Evernote – Another AMAZING app. It’s a digital notepad that you can sync to all of your devices. The notes you take on your iPad show up on your computer. Look ma, no wires. I use this to house and share all of the notes from my conferences and small groups with students.

Keynote – At $10, this is one of the most expensive applications on my device, but it is worth. every. cent. If you do any public speaking (a lesson is public speaking, folks) or give presentations regularly, this is a must-buy. It is basically an Apple-branded PowerPoint to go.

Pages – The second $10 app on my iPad. It’s the best Microsoft Word alternative on the device. Anything that you can do on a laptop, you can do here. Instant purchase.

Google Drive – The best thing on the internet, now on your iPad. You have access to all of your google documents in real time on this app.

Kindle – All those books you bought for your kindle, you can see and read them here. Perfect. I’ve been reading lots of Junot Diaz. Word.

Twitter – If you are an educator, and you are not on Twitter, shame on you. Join. Now. Follow us. (@MisterMinor and @MsKass1)

Penultimate – For those, who love handwriting, you can buy a stylus and write in this virtual notebook. I don’t really use this, but some people swear by it. Noteshelf is another great alternative. Better still is the genius app, Paper.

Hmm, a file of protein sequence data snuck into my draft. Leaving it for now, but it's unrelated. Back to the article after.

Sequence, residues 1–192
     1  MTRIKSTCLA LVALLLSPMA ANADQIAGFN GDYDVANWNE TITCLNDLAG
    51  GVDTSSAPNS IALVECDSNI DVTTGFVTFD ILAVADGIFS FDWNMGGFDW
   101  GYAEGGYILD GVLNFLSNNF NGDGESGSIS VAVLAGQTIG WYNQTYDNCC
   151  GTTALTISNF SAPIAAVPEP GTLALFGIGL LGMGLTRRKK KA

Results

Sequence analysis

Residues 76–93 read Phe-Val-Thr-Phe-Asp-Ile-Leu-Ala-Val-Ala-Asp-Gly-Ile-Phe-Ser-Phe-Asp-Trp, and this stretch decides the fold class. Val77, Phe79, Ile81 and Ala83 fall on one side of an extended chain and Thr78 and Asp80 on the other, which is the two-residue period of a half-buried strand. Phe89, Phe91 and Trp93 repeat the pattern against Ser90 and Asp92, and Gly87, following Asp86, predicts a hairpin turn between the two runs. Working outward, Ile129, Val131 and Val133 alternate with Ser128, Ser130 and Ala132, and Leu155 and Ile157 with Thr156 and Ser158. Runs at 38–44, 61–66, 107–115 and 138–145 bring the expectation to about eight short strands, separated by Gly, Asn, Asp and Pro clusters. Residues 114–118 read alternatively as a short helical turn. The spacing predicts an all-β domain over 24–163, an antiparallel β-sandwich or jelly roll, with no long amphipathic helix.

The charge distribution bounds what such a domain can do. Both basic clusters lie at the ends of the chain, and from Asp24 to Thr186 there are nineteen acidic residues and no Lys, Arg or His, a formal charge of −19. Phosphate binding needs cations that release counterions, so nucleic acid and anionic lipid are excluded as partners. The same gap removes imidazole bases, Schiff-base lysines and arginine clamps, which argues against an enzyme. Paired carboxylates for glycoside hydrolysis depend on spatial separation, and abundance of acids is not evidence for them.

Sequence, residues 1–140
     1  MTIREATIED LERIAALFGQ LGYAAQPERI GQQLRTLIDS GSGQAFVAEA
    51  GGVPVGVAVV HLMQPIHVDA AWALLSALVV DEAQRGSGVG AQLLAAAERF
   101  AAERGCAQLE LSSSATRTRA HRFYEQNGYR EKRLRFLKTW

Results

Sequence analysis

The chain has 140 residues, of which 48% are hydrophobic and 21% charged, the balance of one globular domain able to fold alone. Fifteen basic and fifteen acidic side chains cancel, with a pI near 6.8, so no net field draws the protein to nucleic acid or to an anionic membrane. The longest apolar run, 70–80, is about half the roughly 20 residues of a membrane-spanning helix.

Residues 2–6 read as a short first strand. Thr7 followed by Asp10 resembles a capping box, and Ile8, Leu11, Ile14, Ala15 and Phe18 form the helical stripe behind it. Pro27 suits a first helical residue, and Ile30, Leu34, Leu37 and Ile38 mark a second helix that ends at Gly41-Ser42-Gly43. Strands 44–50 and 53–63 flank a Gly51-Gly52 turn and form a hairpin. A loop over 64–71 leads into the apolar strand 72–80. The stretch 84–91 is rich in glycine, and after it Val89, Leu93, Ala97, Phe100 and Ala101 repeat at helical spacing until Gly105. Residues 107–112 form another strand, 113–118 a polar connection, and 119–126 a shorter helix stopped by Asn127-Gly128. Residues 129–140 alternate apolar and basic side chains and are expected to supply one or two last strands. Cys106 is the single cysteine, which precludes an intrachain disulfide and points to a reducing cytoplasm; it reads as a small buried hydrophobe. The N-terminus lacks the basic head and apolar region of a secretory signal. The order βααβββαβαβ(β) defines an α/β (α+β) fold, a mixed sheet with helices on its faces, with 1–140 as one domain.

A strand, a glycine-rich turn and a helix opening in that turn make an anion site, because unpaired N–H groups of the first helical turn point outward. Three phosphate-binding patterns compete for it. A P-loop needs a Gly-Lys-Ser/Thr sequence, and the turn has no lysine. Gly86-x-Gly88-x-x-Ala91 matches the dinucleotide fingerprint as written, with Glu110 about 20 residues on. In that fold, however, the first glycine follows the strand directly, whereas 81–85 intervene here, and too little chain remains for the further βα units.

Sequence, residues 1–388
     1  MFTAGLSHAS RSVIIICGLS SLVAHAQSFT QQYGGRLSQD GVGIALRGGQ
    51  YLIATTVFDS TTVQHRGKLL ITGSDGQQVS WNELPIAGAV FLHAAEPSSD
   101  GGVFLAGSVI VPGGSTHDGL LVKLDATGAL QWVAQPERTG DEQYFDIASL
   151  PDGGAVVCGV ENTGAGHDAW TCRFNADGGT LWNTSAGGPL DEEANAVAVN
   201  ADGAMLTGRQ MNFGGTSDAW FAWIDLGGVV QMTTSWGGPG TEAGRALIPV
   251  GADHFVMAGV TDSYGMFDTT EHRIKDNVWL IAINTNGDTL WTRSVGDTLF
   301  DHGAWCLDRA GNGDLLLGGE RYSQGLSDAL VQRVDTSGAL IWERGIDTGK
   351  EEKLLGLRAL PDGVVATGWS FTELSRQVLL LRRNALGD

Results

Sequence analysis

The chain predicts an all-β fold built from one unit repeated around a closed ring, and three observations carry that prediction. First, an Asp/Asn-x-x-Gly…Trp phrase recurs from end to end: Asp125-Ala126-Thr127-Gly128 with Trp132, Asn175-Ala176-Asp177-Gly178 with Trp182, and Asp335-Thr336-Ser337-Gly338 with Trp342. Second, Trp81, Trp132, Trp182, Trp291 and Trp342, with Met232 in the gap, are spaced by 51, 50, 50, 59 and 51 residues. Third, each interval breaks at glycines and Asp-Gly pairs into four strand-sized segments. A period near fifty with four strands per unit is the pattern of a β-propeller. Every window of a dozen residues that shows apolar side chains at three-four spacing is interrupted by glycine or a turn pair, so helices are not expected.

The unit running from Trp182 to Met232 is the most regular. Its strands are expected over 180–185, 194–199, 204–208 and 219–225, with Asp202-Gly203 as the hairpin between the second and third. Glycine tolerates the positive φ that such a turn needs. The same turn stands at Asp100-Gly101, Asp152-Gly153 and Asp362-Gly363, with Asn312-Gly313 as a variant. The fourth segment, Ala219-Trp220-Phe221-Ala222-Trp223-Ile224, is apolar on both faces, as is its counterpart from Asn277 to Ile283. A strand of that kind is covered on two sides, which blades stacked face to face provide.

Find iPhone – This app scares me a lot, but it has saved my life on two separate occasions. It uses GPS technology to track your iPad. If you lose your iPad, you can go to any computer, and the app will locate your iPad and send a nice/nasty message to whoever found/stole it. Once I left my iPad in a cab, I was able to contact the driver through this app. Safe!

ShowMe – a really fun virtual whiteboard that is awesome to teach with… It allows you to record your writing, and you can play lessons back for kids that miss class… Yum.

ThreeRing – @Kris10_SEA put me on to this app a few days ago, and it seems cool. It allows you to photograph student work with your device’s camera and organize the work online. Yup. No more paper.

So those are my favorite few… There are so many more that I can talk about, but if you’ve got these, you are off to a good start!

Common Core Standards

December 23, 2012  |  Teaching  |  No Comments

New York State has taken the Common Core standards quite seriously. I, personally, love the challenge and heightened expectations associated with a national set of standards, but what I admire most about this recent conversation about college/career readiness is the implications to finally realize the promise of Brown vs. BOE.

For the past two years, people all over the country have scrambled for resources to make authentic reading, writing, and critical thinking a reality in every classroom. I’m honored to work with a team of educators who have been studying this work in communities in almost every state. Here is a collection of videos that were made to showcase what some teachers have been doing in their classrooms to meet this challenge. There are brilliant ideas here that you can use in your own work. Warmest of holidays. We’ve got work to do…